Windows DHCP not Updating DNS

Our 2012R2 DC’s do DHCP and DNS for our environment, but I found that our client’s DNS addresses were frequently incorrect, even though DHCP is supposed to update DNS with the correct entry.  Found this blog post that solved our problems:

Note:  If you are unsure about running the dnscmd shown in the blog post, I found the commands to verify the setting before you change it, and how to revert:

Show current state:

dnscmd /info /OpenACLOnProxyUpdates

Desired state:

dnscmd /config /OpenAclOnProxyUpdates 0

Revert to default:

dnscmd /config /OpenAclOnProxyUpdates 1

vCenter No Longer Reachable

After a power outage, we powered on our VMware infrastructure, and as we went through the process, we quickly realized that vCenter was not coming back online.  vCenter was not reachable via icmp or http/https.  Logging into the ESXi console showed the VCSA booting very slowly, but eventually it booted up.  Still no network connectivity.  After enabling bash and doing an “ifconfig”, I noticed the eth0 interface was missing.  The “ip link show” confirmed that the VM did not recognize any eth0 devices, but it did pick up an eth1 device.  For some reason, the vnic mac address had changed, and vCenter added the nic as a new device.  To resolve this:

  1. Edit this file on the VCSA: /etc/udev/rules.d/70-persistent-net.rules
  2. Delete (or comment out to test) all lines
  3. Reboot the VCSA

This process will clear the static mac association with the previous eth0 nic, and will allow VCSA to boot up with the new nic/mac address as eth0.


WebEx and ADFS SSO

Implemented WebEx with ADFS SSO (Windows 2012R2) successfully, and found these articles helpful:

Initial Setup:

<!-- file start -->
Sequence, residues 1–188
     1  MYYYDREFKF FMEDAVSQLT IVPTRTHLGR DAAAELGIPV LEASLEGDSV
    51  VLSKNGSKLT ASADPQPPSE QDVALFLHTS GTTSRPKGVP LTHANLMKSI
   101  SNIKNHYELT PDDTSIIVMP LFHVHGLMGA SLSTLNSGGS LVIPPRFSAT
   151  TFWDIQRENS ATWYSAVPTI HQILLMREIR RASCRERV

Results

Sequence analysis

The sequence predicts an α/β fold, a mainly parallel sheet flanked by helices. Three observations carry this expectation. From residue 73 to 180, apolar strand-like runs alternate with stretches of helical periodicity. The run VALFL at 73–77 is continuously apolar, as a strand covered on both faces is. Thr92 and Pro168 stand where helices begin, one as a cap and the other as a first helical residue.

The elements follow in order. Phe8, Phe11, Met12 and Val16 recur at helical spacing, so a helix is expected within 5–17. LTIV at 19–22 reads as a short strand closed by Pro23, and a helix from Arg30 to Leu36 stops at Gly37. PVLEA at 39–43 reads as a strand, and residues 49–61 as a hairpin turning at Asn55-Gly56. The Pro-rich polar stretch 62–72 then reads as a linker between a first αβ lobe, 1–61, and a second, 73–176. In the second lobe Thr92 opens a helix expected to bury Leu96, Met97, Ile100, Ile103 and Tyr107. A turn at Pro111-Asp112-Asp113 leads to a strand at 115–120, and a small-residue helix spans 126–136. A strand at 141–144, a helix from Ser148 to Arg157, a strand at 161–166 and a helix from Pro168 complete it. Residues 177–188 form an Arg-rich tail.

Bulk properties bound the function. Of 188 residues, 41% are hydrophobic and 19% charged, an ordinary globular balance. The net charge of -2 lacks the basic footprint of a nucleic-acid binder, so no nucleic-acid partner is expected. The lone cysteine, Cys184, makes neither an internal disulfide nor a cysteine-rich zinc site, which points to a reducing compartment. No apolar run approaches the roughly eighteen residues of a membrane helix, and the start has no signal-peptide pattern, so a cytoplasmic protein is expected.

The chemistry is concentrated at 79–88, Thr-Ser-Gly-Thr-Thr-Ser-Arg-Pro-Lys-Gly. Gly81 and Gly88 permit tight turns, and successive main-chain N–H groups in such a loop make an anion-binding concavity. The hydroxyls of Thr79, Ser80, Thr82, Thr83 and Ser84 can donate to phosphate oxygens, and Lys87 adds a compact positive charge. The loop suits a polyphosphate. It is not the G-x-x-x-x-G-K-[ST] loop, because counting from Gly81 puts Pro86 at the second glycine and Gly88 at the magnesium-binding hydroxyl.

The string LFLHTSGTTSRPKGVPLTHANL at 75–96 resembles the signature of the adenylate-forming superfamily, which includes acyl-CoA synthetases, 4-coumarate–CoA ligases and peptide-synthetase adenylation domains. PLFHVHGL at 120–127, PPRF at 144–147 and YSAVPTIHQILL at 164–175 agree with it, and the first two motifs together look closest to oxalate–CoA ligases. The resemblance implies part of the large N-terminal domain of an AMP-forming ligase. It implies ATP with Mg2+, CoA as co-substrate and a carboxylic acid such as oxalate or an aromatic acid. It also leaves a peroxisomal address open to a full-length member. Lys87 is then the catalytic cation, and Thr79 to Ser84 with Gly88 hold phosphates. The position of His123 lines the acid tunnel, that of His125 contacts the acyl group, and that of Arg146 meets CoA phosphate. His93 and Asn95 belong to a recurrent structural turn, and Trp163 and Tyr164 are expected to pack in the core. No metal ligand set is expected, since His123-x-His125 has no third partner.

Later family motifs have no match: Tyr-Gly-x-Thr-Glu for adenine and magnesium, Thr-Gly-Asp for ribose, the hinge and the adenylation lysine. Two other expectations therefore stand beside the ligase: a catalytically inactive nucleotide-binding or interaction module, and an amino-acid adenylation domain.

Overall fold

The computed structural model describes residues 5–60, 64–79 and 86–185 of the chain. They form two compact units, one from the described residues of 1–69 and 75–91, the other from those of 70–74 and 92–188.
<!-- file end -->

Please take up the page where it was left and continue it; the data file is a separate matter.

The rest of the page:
Those guides do not go over configuring sign-out.  This can be accomplished with the WSFederation sign-out URL documented here:

And configuring your ADFS server with:

1.  Go to AD FS Manager – Trust Relationships – Relying Party Trusts – <your party trust> properties
2.  Under the Endpoints tab, click Add SAML…
3.  Endpoint Type = SAML Logout, Binding = POST, Trusted URL =

Office 365 – Quick Optimizations

I’ll be adding to this as I continue to work with O365, but for now I have two things I usually do for every tenant:

First, connect to O365 via Powershell.  If you don’t know how, please see my recent blog post

Disable “Clutter” feature for all mailboxes:

Get-Mailbox -Filter * -ResultSize Unlimited | Set-Clutter -Enable $false

Raise email message size limits for all mailboxes (and mailbox plans):

Get-Mailbox -Resultsize Unlimited | Set-Mailbox -MaxReceiveSize 75MB -MaxSendSize 75MB

Get-MailboxPlan | fl name,maxsendsize,maxreceivesize,isdefault

Set-MailboxPlan ExchangeOnlineEnterprise-XXXXXXX-XXXX-XXXX-XXXX-XXXXXXXXXX -MaxSendSize 75MB -MaxReceiveSize 75MB (use mailbox plan name from previous command)

Disable password expiration:

Log into O365 web admin portal (

Go to “Service Settings” –> “Passwords” and select “Passwords never expire”


Office 365 – Powershell

Connecting to Office 365 via Powershell for the first time? Here are the steps to get started:

  1. Install the Microsoft Online Services Sign-In Assistant for IT Professionals RTW
  2. Install the Azure Active Directory Module for Windows Powershell (64-bit version)
  3. Open Powershell and run this command the first time you connect on your computer:
    1. Set-ExecutionPolicy RemoteSigned
  4. Next, run these three commands (you’ll do this everytime you want to connect):
    1. $UserCredential = Get-Credential
    2. $Session = New-PSSession -ConfigurationName Microsoft.Exchange -ConnectionUri -Credential $UserCredential -Authentication Basic -AllowRedirection
    3. Import-PSSession $Session
  5. You should now be connected.  When finished, run:
    1. Remove-PSSession $Session